Tehran Stock Exchange Hits All-Time High
By Christian A. DeHaemer Ė Energy and Capitol August 6, 2010
In yet another example of why sanctions don't work, the Tehran Stock Exchange (TSE) is booming. In fact, the TSE just hit a record high, and it remains one of the most undervalued markets on Earth.
You know the deal...
Iran has been a supporter of terrorism for the past forty years. The current president is a rabble-rouser who plays to his most conservative Islamic base. He denies the holocaust, and threatens to destroy Israel on a regular basis.
He steals elections. His thugs in the militia beat and jail students who protested the sullied election. His judges sentence females accused of adultery to death by burying them up to the waist, and having their neighbors throw rocks at their heads.
Iran will have the bomb
On top of this, Iran is actively seeking the atomic bomb. And in a year or two they will have it. There is nothing to stop them from getting this weapon, just like there was nothing to stop India, Pakistan, North Korea or Israel. But that's not going to stop the powers that be from posturing like a guinea hen.
In fact, the U.S. believes Iran is such a threat that it has built up bases and carrier groups completely surrounding the country.
Chairman of the Joint Chiefs of Staff, Mike Mullen, said last week on "Meet the Press" that the Pentagon has plans for attacking Iran and that "military actions have been on the table and remain on the table."
CIA Director Leon Panetta, in late June, appeared on ABC's "This Week" and carefully hinted at covert war options against Iran's nuclear ambitions.
And the United Nations has written a strongly-worded letter and offered up a fourth round of sanctions on high-tech and military goods. Hillary Clinton gave away who-knows-what to get the Russians on board.
It is not working
Despite all the saber rattling and jawboning, Iran remains uncowed.
In fact, judging by the stock market, Iran is doing just fine. The Tehran Stock Exchange hit an all time high on Monday and is up more than 60% this year.
Furthermore, the TSE remains ridiculously undervalued.
The average price to earnings ratio is 5.5, and the average dividend yield is 15.8%. This is the average of 337 companies listed with a total market capitalization of $70 billion. The average.
That's incredibly cheap for the country that ranks third in the world in terms of petroleum and natural gas reserves.
In fact, the Tehran Stock Exchange's main index is up 27% since March 21 Ė about the time the saber rattling began.
This is because while the U.S. and Europe are trying to "put the pressure" on Iran, the leaders in the country are making it easier for foreigners to invest.
In fact, in the new sanctions there are no restrictions for foreign investors to invest in Iran. Capital gains taxes have been cut to zero. And as far as I can tell there are no restrictions on investing in Iran.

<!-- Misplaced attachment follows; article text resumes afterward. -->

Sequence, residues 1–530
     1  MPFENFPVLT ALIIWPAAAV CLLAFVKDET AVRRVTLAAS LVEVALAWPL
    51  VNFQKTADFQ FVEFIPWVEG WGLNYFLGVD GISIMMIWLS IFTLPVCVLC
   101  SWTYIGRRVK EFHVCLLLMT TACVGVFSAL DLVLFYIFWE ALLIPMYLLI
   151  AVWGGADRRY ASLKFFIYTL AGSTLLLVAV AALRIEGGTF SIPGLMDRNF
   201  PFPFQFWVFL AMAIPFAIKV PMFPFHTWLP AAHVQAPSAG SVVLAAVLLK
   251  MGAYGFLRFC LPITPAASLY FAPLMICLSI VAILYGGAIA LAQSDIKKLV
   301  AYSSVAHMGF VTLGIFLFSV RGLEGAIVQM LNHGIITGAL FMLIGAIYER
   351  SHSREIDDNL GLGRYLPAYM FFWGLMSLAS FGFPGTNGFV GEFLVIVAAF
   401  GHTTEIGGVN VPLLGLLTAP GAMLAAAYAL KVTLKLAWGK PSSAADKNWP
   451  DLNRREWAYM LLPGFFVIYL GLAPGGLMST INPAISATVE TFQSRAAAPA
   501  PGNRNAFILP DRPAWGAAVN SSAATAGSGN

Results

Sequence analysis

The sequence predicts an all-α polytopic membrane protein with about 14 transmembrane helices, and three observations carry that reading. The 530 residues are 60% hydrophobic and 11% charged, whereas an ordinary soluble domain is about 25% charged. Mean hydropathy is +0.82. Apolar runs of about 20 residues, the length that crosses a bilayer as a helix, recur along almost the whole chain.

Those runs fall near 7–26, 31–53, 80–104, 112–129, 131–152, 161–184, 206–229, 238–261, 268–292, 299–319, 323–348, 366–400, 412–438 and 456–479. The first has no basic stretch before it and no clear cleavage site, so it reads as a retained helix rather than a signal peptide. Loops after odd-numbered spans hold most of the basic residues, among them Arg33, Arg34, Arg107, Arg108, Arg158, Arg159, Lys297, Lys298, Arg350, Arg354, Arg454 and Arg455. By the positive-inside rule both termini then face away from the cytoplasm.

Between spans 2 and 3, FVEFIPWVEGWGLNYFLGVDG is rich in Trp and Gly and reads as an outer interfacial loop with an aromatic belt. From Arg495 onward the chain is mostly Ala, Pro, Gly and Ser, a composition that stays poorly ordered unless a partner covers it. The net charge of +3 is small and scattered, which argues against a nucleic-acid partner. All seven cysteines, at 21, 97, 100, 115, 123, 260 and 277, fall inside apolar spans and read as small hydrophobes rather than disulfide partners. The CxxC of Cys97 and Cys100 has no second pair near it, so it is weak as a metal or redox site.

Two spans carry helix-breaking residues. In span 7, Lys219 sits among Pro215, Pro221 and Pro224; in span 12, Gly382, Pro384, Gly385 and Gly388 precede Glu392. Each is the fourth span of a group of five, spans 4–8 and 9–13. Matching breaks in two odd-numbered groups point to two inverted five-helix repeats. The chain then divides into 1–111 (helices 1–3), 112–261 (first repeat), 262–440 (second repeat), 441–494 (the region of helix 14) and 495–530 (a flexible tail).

According to Reuters the sanctions are as follows:
The U.S. effectively deprived foreign banks of access to the U.S. financial system if they do business with key Iranian banks or Iran's elite Revolutionary Guards.
And EU measures set limits on the transfer of funds into Iran, requiring any transfer of over 40,000 euros to have prior government authorization.
Despite these sanctions Iran is taking a different course than America - Iran is trending toward capitalism. Iran will raise $12.5 billion this year by selling state firms, including two refineries. I forget how much Bush and Obama paid for GM, AIG, Freddie, Fannie, etc. Was it billions or trillions?
The truth is that Iran was the only country in the Middle East to hold candlelight vigils after 9/11. The vast majority of the country (two-thirds, or some 50 million people), is under the age of 30. They do not remember the Islamic revolution in the 1970s, nor do they care.
They want what we all want: peace, prosperity and freedom. And they will get it along with the bomb.
Despite what you may have heard, the atomic bomb has brought more peace for longer than any other item, thing or philosophy in history. In ancient Rome, the doors to the Temple of Janus were closed when Rome was at peace. They were closed on five occasions for a total of twelve years.
And as an aside, the Samurai sword killed far more people in WWII than the atomic bomb did. And the Roman short sword, or gladius, has killed more people than any weapon ever devised.
My point is that Pakistan and India used to go up 16,000 feet in the Hindu Kush and lob artillery shells at each other in the dead of winter. They were arguing over a boundary line in a piece of territory that no one could ever use or inhabit.
Since they both got the bomb all they do is strut at the border like chickens.
Donít get me wrong, there are obvious political risks to investing in Iran. But right now there is tremendous upside. The more sanctions you put on the country the more they will pull their money back home. The political situation canít be worse, so it will likely get better. They will find a Mikhail Gorbachev. Oil and gas will not get cheaper. No one can beat a diversified 15% dividend yield.
If I can find a way in Iím betting on Iran. Iím currently looking into ways to invest. Iím rounding up my contacts as we speak (if you know anyone who can buy Iranian stocks drop me a line).
The only way I know how to play it is indirectly by buying the Wisdom Tree Middle East ETF (NASDAQ: GULF), which I told you was a buy last week. GULF is far from a pure play however.
Iíll find a way sooner or later. And as I wait, Iíll be happy knowing my other frontier market, Mongolia, has given my readers 727% gains in six months. The best way to make the most money in stocks is to get there first with the most. I've done it in South Africa, Libya, and Mongolia. Iíll do it in Iran as well.
Keep in touch,
Last updated 11/08/2010